This Golden Rough Head Blenny may look rather fierce, but in reality he's harmless and smaller than the nail on your little finger!
A Southern Stingray cruises by as the sun rises in the background.
A diver explores the healthy reefs off the East End of Grand Cayman.
The Grey Reef Shark is the big daddy of the reef. The biggest of the reef sharks, they are at the apex of the food chain and, appropriately, they swim around like a boss. I love their shape and was surprised to find they have a beautiful bronze colour to them once you splash a bit of light on their bodies!
Using inward lighting, I was able to isolate this perfectly formed Brain Coral. There is great beauty to be found even in common underwater subjects and I am mesmerised by the textures and grooves of this hard coral.
A majestic Eagle Ray cruises by, occasionally swooping down for a nibble on sandy garden eels.
My dive buddy salutes at the bow of Grand Cayman's most famous wreck: the ex-USS Kittiwake. Decomissioned, auctioned and scuttled off the coast, this famous former submarine rescue vessel was once upon a time responsible for rescuing the black box from the tragic Challenger space ship explosion.
My dive buddy explores the Balboa Wreck in George Town Harbour.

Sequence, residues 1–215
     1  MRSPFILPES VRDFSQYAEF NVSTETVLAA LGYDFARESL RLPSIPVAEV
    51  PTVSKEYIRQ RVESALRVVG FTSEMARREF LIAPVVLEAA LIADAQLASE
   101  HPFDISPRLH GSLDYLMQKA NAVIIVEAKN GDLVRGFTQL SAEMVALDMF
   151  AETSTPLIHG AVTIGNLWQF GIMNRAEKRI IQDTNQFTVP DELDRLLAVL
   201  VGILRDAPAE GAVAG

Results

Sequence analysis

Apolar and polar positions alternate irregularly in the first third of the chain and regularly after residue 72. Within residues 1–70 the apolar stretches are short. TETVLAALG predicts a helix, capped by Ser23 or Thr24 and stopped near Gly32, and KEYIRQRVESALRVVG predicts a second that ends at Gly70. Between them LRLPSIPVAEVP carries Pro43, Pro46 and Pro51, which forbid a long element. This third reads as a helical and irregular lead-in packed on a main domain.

The Cayman Islands were declared a shark sanctuary in 2015 in a move which recognises the multifaceted value of these animals. Stingray City is the most popular attraction in the Caribbean and each ray is estimated to be worth $1.75 million in terms of tourist revenue!
A pair of French Angelfish cruise the reef. Unlike most fish, French Angels appear to be monogamous and spend a lot of their time tag teaming to chase away unwelcome visitors
With an upturned mouth and slid, silvery bodies, Tarpon are a primary predator on the reef and cruise around like they own the place.
A Golden Roughhead Blenny at the top of a coral head.
A face-off with a typically territorial grouper.
Dive sites around Grand Cayman have fantastic topography with lots of nooks and crannies to explore.
One of the smallest members of the Puffer Fish family is also one of the cutest.
Checking out Elephant Ear sponges - a distinctive feature of Caribbean diving.
Face to face with a Hawksbill Turtle as it makes its way around a sea fan.
Diver connects with the famous mermaid statue on Cathy Church's house reef.
No photoshop used to create this image! Just inward lighting and spinning of the camera - pretty cool non?
The ex-USS Kittiwake, probably the most famous wreck in the Caribbean, was recently pushed over onto its side by storms. Having dived it for the first time 2016, this evoked a mix of emotions in me. On the one hand, there is a sense of loss that it will never be the same again and the fact that it crashed into a portion of the reef is saddening. On the other, I feel like images of the ship standing upright have gained in historical relevancy and this is the natural order of things in the ocean. The Kittiwake will now evolve into a new dive site and the marine life that calls it home will adapt too...
Two divers hold hands at the bow of the ex-USS Kittiwake.
A pair of Banded Shrimp take shelter in a tube sponge on a wall dive in the Cayman Islands.